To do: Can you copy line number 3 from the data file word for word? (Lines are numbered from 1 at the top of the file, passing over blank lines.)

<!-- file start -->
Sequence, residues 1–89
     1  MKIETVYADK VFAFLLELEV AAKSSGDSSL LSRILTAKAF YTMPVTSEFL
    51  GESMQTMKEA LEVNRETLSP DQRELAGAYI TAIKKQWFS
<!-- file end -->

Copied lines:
    51  GESMQTMKEA LEVNRETLSP DQRELAGAYI TAIKKQWFS